We are concerned here only with the second San Manuel exception, whether assertion of the Board’s jurisdiction would abrogate rights guaranteed to the Nation by treaty. The Nation argues that applying the Act would abrogate two treaty-protected rights: (1) the right to exclude or place conditions on the presence of those permitted to enter tribal territory; and (2) the Nation’s treaty right to self-government. The Nation further argues that specific language in the 1830 Treaty exempts the Nation from application of all federal laws except those enacted pursuant to Congress’ power to legislate concerning Indian affairs. Amicus curiae Choctaw Nation joins the Nation in arguing that applying the Act to the Chickasaw Nation would abrogate guaranteed treaty rights of selfgovernment and exclusion. It argues that the historical context in which the treaties were made demonstrates that the treaties were intended to assure that the tribes would remain sovereign nations in the western territory to which they had been forcibly removed, and that the Choctaw and Chickasaw Nations agreed to recognize the plenary power of the federal government only with respect to laws regulating Indian affairs.5 We find, in agreement with the Nation, that assertion of the Board’s jurisdiction would abrogate treaty rights guaranteed to the Nation by the 1830 Treaty. Contrary to the analysis in the Board’s now-vacated decision, we further find that the 1866 Treaty does not reflect an agreement by the Nation to be subject to a broader range of federal laws.6 1. The Rules of Construction Favoring Indian Tribes. The Board has no special expertise in construing Indian treaties. We therefore look to the decisions of the federal courts to assist us in determining the extent of the Nation’s treaty rights. The Nation was compelled to enter into both of the treaties involved here and to cede territory to the United States. The history of these treaties is recited at length in Choctaw Nation v. Oklahoma, 397 U.S. 620 (1970). As the Supreme Court there observed, “[t]he Indian Nations did not seek out the United States and agree upon an exchange of lands in an arm’s-length transaction. Rather, treaties were imposed upon them and they had no choice but to consent.” Id. at 630–631. For this reason, these 5 Because we decline to assert jurisdiction based on the Nation’s treaty rights, we do not address the additional arguments of the Nation and amici. 6 We reject the argument that assertion of the Board’s jurisdiction would abrogate the Nation’s treaty-protected right to exclude or place conditions on the presence of those permitted to enter tribal territory. As we found in Soaring Eagle, 359 NLRB No. 92, slip op. at 7–8 (2013), incorporated by reference at 361 NLRB No. 73 (2014), treaty language devoting land to a tribe’s exclusive use or possession is not sufficient to bar application of the Act.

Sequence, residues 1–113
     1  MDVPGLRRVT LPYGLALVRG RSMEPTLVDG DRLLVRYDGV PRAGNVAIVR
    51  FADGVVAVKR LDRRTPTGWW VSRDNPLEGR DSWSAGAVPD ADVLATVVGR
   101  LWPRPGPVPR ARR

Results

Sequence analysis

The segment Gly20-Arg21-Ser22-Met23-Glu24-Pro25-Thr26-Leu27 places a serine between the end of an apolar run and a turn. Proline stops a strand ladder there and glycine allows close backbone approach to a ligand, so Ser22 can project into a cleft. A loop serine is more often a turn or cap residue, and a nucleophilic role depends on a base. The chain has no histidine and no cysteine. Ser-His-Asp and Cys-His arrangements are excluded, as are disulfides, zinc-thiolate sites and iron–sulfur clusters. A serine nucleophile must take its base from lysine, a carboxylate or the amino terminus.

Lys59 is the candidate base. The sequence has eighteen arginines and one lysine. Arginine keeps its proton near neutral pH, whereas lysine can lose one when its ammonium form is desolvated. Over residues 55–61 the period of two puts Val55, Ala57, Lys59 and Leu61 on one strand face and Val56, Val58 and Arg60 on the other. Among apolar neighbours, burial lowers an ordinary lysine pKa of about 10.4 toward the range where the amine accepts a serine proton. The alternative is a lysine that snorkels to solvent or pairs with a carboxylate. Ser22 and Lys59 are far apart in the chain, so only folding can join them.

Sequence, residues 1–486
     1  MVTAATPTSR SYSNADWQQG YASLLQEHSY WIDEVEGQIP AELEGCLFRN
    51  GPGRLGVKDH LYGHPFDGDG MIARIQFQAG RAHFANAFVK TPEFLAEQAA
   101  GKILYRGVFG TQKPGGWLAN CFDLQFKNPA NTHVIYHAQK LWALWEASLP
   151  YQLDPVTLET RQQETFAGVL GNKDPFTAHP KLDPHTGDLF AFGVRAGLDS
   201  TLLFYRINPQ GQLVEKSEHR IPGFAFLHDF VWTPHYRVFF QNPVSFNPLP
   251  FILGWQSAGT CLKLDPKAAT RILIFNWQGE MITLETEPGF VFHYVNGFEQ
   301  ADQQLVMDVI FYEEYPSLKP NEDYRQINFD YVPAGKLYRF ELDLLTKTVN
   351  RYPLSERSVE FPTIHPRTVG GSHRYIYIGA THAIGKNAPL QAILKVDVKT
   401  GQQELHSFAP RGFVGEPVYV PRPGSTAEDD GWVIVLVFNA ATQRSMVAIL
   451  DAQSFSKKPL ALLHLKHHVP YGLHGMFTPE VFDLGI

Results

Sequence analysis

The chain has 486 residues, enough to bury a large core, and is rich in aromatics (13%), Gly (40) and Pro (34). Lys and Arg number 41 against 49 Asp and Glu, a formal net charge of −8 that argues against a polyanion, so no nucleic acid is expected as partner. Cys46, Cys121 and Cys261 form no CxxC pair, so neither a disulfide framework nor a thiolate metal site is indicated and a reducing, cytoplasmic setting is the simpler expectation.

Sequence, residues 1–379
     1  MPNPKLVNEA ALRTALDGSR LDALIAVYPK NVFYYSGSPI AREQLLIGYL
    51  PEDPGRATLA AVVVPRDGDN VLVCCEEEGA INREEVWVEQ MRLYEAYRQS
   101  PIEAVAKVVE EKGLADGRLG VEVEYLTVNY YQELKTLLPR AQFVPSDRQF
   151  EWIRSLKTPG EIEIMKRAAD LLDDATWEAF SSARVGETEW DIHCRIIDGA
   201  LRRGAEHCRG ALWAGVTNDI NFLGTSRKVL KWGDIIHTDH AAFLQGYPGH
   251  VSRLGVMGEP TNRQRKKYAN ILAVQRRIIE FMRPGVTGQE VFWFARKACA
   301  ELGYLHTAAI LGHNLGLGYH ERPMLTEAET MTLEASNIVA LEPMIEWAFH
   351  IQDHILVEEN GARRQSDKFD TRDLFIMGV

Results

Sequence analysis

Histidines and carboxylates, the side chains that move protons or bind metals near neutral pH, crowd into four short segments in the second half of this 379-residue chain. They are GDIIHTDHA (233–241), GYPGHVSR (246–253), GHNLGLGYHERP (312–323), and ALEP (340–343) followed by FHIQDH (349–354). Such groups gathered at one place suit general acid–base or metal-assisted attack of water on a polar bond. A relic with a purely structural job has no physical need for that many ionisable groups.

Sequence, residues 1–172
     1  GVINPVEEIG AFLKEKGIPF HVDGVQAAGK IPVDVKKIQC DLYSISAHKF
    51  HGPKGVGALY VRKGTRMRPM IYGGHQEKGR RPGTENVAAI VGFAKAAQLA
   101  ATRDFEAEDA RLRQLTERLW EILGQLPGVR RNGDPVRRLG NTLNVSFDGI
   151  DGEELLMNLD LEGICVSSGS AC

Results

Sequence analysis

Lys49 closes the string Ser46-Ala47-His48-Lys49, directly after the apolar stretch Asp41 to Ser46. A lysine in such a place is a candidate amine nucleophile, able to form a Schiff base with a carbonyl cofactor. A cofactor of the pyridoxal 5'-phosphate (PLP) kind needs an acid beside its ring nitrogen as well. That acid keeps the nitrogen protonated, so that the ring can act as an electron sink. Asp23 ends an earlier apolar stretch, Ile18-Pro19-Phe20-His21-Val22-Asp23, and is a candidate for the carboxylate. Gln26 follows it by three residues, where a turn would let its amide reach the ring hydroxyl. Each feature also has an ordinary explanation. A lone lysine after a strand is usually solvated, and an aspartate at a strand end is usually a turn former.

treaties must be construed “as justice and reason demand, in all cases where power is exerted by the strong over those to whom they owe care and protection, and counterpoise the inequality by the superior justice which looks only to the substance of the right, without regard to technical rules.” United States v. Winans, 198 U.S. 371, 380–381 (1905) (internal quotations omitted). Moreover, it is a settled rule of federal Indian law that treaties with Indian tribes “should be construed liberally in favor of the Indians, with ambiguous provisions interpreted to their benefit.” Oneida County, New York v. Oneida Indian Nation of New York State, 470 U.S. 226, 247 (1985) (internal citations omitted). This rule is rooted in federal policy dating back to the Northwest Ordinance of 1787, which declared the policy of the United States that “[t]he utmost good faith shall always be observed towards the Indians.” 32 J. Continental Cong. 340–341 (1787) (quoted in Cohen’s Handbook of Federal Indian Law § 1.02[3] (Nell Jessup Newton, ed., 2012)) (hereafter “Cohen’s Handbook”). 2. The 1830 Treaty. The 1830 Treaty was signed after years of attempts by the federal government to remove Indian tribes, including the Choctaw and Chickasaw Nations, from their ancestral lands.7 In exchange for the Nation’s relinquishing its rights to land in Mississippi, the United States promised to “secure to” the Nation expansive rights over its new territory. See Atlantic & Pacific Railroad Co. v. Mingus, 165 U.S. 413, 437 (1897) (stating that the 1830 Treaty granted the Nation “the powers of an almost independent government”). See also Choctaw Nation v. Oklahoma, 397 U.S. at 638–639 (Douglas, J., concurring) (explaining that title granted by 1830 Treaty was a fee simple, “not the usual aboriginal Indian title of use and occupancy”). Article 4 reflects the extent of the powers reserved to the Nation under the treaty. Not only does article 4 provide that no State shall ever have a right to pass laws for the government of the Nation, but it also secures the Nation from “all laws . . . except such as may, and which have been enacted by Congress, to the extent that Congress under the Constitution are required to exercise a legislation over Indian Affairs.” Giving due consideration to the “enlarged rules of construction” to be used in interpreting Indian treaties,8 recognized in article 18 of 7 For more discussion of the history of the 1830 Treaty as well as other removal treaties affecting the Five Civilized Tribes, see Choctaw Nation v. Oklahoma, 397 U.S. at 622–628; Cohen’s Handbook § 1.03[4]. 8 In re Kansas Indians, 72 U.S. (5 Wall.) 737, 760 (1866) (“[E]nlarged rules of construction are adopted in reference to Indian treaties.”).